Did Bank of America Exploit Fannie and Freddie?

U.S. regulators are investigating whether Bank of America executed its own trades before those of Fannie Mae and Freddie Mac

Jan 27, 2014 at 9:26AM

Just when it seems all hard feelings between Bank of America Corp. (NYSE:BAC) and government-sponsored entities Fannie Mae (NASDAQOTCBB:FNMA) and Freddie Mac (NASDAQOTCBB:FMCC) have been put to rest, a report from Reuters indicates that, sadly, this may not be the case.

A disclosure on the website of the Financial Industry Regulatory Authority notes that the bank is currently being investigated by the U.S. Attorney's Office for the Western District, North Carolina, as well as by the Commodity Futures Trading Commission. It seems that Bank of America's swaps desk was giving the bank's futures trades priority over those of its clients, and one of B of A's traders may have given inaccurate information to the Chicago Mercantile Exchange during its inquiry into the matter.

Fannie Mae and Freddie Mac trades scrutinized
The article references an FBI bulletin from earlier this month that warned that traders could be "front running" trades by Fannie and Freddie in order to profit from interest rate changes. Contacts at a Canadian bank and a high-level employee of a U.S. bank told agents about this activity, whereby traders that know of another party's trade put their own in first in order to profit from changes brought about by the second trade.

The source at the U.S. bank, which was unnamed, said this activity had netted the bank between $50 million and $100 million in profits. This is because both Fannie and Freddie have huge mortgage portfolios they routinely hedge against interest rate changes, and therefore submit hefty swap orders. Regulators are on alert against interest rate manipulation since the LIBOR scandal, and a slew of banks, including Citigroup and JPMorgan Chase, were fined by European regulators last month for rate-rigging offenses.

An ongoing investigation
Bank of America hasn't been formally accused of wrongdoing, and the trader in question no longer works for the bank. However, the FBI alert noted that the Federal Housing Finance Agency, the conservator of Fannie and Freddie, is conducting an inquiry, as well. The FHFA has been busy collecting settlements from big banks accused of selling toxic mortgage securities to the GSEs back in the day, and its case against Bank of America is still pending.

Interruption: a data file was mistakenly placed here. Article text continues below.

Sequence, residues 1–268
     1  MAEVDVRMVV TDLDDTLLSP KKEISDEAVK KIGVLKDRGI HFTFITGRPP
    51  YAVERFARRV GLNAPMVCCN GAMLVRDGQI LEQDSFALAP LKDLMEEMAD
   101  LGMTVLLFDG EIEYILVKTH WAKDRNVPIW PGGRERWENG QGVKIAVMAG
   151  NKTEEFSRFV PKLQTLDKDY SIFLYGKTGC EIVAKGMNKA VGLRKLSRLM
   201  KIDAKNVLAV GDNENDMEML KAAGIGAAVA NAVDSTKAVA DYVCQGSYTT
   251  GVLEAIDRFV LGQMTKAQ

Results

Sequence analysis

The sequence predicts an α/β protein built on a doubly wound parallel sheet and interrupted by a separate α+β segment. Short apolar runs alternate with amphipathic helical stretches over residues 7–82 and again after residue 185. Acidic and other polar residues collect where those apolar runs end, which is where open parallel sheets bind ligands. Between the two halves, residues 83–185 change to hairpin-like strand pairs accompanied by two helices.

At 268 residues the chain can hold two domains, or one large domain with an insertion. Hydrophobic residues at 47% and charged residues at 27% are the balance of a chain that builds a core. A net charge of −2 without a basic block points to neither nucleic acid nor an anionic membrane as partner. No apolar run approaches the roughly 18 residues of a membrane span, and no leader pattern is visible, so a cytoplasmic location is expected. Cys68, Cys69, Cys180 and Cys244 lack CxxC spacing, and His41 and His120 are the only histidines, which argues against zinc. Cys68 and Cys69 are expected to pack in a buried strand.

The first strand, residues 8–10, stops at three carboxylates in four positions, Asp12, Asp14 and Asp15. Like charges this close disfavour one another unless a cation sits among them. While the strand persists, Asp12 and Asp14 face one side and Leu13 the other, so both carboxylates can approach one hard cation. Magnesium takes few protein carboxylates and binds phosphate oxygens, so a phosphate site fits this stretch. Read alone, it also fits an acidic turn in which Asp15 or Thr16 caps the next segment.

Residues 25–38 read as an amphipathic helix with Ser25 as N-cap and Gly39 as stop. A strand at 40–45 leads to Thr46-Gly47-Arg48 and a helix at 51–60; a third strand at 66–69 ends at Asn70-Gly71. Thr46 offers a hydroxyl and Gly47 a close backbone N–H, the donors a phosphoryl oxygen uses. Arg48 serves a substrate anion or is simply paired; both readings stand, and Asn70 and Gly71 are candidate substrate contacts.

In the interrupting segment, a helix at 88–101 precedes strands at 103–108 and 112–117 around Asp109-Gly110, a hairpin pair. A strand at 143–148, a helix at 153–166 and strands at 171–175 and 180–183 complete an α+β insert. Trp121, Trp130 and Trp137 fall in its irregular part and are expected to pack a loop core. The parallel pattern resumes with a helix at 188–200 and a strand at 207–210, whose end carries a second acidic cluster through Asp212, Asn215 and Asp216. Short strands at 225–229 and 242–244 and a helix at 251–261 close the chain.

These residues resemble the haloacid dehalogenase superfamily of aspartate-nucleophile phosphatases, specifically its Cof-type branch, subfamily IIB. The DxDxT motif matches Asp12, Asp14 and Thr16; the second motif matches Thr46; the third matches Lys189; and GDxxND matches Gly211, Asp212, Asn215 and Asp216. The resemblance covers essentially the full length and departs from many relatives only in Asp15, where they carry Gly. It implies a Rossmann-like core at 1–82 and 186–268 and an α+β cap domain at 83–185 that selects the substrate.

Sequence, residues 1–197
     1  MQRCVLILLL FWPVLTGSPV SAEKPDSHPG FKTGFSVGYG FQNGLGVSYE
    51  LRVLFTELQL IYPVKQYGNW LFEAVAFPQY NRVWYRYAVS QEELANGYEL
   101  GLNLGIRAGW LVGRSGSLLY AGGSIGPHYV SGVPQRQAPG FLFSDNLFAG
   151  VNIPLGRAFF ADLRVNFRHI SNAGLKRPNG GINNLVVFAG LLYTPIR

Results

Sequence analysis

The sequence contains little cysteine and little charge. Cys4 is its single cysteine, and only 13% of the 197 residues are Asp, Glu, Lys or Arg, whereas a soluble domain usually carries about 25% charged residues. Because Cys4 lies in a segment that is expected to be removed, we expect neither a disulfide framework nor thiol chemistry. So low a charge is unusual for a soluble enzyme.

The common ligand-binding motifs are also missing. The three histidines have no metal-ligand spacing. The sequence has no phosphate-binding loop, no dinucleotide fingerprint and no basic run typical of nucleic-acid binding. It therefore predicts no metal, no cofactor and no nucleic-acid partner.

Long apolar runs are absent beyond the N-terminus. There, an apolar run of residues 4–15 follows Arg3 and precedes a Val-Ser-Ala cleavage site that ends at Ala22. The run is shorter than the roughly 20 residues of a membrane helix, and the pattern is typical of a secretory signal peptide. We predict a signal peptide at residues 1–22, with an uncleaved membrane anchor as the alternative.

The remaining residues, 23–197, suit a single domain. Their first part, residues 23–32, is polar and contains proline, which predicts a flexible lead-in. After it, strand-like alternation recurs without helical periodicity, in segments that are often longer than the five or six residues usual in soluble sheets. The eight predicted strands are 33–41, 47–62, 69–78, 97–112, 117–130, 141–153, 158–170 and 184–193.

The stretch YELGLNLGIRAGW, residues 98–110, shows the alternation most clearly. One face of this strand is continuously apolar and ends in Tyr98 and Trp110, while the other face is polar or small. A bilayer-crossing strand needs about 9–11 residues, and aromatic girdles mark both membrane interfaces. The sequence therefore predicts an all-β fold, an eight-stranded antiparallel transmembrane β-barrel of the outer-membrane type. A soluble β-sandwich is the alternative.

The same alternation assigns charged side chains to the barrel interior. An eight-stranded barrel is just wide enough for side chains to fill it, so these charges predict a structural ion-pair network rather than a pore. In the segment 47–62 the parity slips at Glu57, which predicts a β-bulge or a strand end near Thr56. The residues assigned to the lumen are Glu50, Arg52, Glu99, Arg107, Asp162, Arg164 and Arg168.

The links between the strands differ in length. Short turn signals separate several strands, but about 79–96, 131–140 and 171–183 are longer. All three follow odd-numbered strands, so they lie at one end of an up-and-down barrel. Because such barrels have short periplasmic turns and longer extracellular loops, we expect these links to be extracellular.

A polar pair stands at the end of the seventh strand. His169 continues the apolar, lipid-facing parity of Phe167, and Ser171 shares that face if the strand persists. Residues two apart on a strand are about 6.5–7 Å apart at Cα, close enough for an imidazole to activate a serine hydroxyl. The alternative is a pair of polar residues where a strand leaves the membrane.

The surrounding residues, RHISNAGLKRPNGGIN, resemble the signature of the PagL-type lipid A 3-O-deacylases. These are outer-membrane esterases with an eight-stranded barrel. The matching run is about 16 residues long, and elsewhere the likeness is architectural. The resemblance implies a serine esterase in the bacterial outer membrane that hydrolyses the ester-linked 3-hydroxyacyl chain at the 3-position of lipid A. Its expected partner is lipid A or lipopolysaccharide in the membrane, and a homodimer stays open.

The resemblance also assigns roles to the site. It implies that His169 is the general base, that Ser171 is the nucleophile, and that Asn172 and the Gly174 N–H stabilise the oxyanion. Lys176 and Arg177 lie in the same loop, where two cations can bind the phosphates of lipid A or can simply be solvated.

Bank of America has had a rocky relationship with Fannie and Freddie over the years, and it looked like its recent settlement with the latter had finally put paid to all that antagonism. Unfortunately, this issue may bring out those hostilities all over again -- in addition to a new rash of regulators' lawsuits against Bank of America.

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Fool contributor Amanda Alix has no position in any stocks mentioned. The Motley Fool recommends Bank of America. The Motley Fool owns shares of Bank of America, Citigroup, and JPMorgan Chase. Try any of our Foolish newsletter services free for 30 days. We Fools may not all hold the same opinions, but we all believe that considering a diverse range of insights makes us better investors. The Motley Fool has a disclosure policy.

4 in 5 Americans Are Ignoring Buffett's Warning

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Jun 12, 2015 at 5:01PM

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David Hanson owns shares of Berkshire Hathaway and American Express. The Motley Fool recommends and owns shares of Berkshire Hathaway, Google, and Coca-Cola.We Fools don't all hold the same opinions, but we all believe that considering a diverse range of insights makes us better investors. The Motley Fool has a disclosure policy.

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